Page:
Kizimen (Russia). KVERT reported that during 16-24 June seismicity from Kizimen was above background levels and volcanic tremor continued to be detected. Seismic data indicated that possible ash plumes rose to an altitude of 5.2 km (17,000 ft) a.s.l. during 16-17 June. Satellite images showed a thermal anomaly on the volcano during 17-18 and 20-21 June, and gas-and-steam plumes that drifted 200 km NW during 22-23 June. The Aviation Colour Code remained at Orange. [GVP: Kizimen]
Planchón-Peteroa (Chile). Based on SIGMET notices, the Buenos Aires VAAC reported that during 24-25 June ash plumes from Planchón-Peteroa rose to an altitude of 4.6 km (15,000 ft) a.s.l. and drifted W, NE, and E. On 27 June satellite imagery showed a gas-and-steam plume, possibly containing ash, drifting 110 km NW. [GVP: Planchón-Peteroa]
Sakura-jima (Japan). Based on information from JMA, the Tokyo VAAC reported that on 22, 25, and 28 June plumes from Sakura-jima rose to altitudes of 1.8-2.4 km (6,000-8,000 ft) a.s.l. and drifted N and NE. During 27-28 June, pilots observed ash plumes that rose to altitudes of 2.1-3 km (7,000-10,000 ft) a.s.l. [GVP: Sakura-jima]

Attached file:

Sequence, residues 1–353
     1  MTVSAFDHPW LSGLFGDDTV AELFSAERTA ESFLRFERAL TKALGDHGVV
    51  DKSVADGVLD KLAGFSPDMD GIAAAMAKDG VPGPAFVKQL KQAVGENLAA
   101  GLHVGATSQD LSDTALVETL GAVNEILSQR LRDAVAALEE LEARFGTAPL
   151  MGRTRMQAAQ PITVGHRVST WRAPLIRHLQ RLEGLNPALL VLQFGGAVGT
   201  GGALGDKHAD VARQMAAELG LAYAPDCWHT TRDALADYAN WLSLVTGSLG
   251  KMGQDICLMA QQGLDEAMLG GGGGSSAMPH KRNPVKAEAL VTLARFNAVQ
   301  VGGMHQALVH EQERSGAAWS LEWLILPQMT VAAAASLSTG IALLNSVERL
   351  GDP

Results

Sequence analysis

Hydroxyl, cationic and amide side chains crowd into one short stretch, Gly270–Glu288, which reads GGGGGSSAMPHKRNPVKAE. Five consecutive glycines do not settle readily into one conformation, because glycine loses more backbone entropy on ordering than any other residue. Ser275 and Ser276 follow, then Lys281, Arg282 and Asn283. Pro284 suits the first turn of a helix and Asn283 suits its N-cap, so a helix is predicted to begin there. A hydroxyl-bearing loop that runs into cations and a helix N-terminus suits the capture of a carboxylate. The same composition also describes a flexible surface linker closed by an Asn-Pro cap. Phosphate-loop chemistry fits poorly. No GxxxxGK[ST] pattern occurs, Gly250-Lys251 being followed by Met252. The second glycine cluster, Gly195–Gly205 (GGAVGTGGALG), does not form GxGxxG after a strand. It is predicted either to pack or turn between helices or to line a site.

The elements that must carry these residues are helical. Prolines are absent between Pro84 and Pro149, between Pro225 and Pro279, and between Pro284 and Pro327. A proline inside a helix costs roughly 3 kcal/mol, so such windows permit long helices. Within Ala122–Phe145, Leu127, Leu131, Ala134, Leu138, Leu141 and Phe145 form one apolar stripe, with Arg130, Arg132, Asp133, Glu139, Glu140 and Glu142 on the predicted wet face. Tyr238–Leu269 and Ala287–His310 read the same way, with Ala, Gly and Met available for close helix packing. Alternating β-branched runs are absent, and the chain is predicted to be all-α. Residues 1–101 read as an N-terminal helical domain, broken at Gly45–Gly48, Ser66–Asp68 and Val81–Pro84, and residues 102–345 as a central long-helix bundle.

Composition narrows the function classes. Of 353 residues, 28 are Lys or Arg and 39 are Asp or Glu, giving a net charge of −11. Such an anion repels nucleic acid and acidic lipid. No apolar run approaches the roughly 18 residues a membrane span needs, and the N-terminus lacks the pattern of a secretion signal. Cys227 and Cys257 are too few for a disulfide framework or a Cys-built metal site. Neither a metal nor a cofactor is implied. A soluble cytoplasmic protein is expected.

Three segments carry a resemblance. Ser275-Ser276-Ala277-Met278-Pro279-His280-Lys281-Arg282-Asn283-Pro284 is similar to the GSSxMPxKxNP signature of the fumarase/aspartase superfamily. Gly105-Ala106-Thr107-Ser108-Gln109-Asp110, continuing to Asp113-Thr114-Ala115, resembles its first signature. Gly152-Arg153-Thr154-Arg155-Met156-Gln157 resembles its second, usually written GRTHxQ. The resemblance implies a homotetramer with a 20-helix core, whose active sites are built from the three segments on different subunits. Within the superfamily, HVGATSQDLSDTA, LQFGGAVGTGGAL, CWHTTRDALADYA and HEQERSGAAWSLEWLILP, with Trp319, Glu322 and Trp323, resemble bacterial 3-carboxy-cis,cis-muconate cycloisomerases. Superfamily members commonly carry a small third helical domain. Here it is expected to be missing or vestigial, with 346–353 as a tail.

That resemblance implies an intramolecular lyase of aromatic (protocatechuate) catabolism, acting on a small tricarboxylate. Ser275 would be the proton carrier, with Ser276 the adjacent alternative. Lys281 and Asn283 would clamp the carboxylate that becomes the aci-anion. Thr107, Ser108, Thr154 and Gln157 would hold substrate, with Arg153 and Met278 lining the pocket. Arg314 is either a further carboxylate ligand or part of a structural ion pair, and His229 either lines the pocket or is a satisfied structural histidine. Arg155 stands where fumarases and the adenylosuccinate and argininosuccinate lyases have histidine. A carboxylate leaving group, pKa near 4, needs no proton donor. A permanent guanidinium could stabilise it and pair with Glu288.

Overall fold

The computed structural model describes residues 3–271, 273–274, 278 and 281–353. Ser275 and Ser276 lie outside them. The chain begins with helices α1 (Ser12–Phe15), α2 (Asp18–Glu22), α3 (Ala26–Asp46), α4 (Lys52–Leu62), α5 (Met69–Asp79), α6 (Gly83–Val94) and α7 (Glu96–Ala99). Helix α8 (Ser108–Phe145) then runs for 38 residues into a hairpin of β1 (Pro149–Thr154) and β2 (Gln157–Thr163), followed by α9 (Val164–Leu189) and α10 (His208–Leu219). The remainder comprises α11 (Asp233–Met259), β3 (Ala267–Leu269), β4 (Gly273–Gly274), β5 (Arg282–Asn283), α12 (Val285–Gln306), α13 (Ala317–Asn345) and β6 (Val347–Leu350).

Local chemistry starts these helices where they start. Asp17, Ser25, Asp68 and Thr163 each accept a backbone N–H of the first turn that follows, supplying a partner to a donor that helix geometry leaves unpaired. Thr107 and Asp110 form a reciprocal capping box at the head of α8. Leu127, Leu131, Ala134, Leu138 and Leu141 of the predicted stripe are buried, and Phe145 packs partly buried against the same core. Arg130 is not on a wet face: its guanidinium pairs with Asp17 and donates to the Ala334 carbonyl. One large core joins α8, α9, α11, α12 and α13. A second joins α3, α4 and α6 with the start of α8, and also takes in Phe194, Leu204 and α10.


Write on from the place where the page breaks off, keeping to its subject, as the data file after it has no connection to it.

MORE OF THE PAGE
Shiveluch (Russia). KVERT reported moderate seismic activity at Shiveluch during 17-24 June. Seismic data indicated that possible ash plumes rose to an altitude of 10 km (32,800 ft) a.s.l. on 19 June and to an altitude of 6 km (19,700 ft) a.s.l. on 18 and 21 June. Satellite imagery showed a thermal anomaly on the lava dome on 18 and 20 June and ash plumes drifting 176 km in multiple directions during 20-21 June. The Aviation Colour Code remained at Orange. [GVP: Shiveluch]
The foregoing is a summary of the Smithsonian Institution/United States Geological Survey Weekly Volcanic Activity Report covering 22-28 June 2011. It is provided for information only, and is based on but not a substitute for the full report, which comes with its own criteria and disclaimers. The map base is derived from the Smithsonian Institution/USGS/US Naval Research Laboratory This Dynamic Planet website.
For all our coverage of the SI/USGS Weekly Volcanic Activity Reports: Weekly Volcanic Activity Reports « The Volcanism Blog.